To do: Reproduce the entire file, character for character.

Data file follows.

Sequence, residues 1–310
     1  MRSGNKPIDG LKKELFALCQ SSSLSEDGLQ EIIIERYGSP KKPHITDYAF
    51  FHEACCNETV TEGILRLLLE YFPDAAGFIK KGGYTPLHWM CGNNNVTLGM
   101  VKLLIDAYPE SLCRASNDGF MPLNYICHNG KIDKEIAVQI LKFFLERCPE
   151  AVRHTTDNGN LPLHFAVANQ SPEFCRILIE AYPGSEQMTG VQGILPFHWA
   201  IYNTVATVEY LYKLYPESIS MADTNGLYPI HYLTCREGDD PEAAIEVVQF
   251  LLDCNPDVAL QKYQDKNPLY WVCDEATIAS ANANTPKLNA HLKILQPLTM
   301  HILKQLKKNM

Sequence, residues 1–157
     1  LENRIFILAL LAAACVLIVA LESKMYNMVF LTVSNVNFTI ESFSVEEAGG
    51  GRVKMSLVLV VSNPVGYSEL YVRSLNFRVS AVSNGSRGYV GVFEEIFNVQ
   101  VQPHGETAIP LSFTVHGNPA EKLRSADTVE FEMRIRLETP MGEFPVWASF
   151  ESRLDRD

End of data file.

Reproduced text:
Sequence, residues 1–310
     1  MRSGNKPIDG LKKELFALCQ SSSLSEDGLQ EIIIERYGSP KKPHITDYAF
    51  FHEACCNETV TEGILRLLLE YFPDAAGFIK KGGYTPLHWM CGNNNVTLGM
   101  VKLLIDAYPE SLCRASNDGF MPLNYICHNG KIDKEIAVQI LKFFLERCPE
   151  AVRHTTDNGN LPLHFAVANQ SPEFCRILIE AYPGSEQMTG VQGILPFHWA
   201  IYNTVATVEY LYKLYPESIS MADTNGLYPI HYLTCREGDD PEAAIEVVQF
   251  LLDCNPDVAL QKYQDKNPLY WVCDEATIAS ANANTPKLNA HLKILQPLTM
   301  HILKQLKKNM

Sequence, residues 1–157
     1  LENRIFILAL LAAACVLIVA LESKMYNMVF LTVSNVNFTI ESFSVEEAGG
    51  GRVKMSLVLV VSNPVGYSEL YVRSLNFRVS AVSNGSRGYV GVFEEIFNVQ
   101  VQPHGETAIP LSFTVHGNPA EKLRSADTVE FEMRIRLETP MGEFPVWASF
   151  ESRLDRD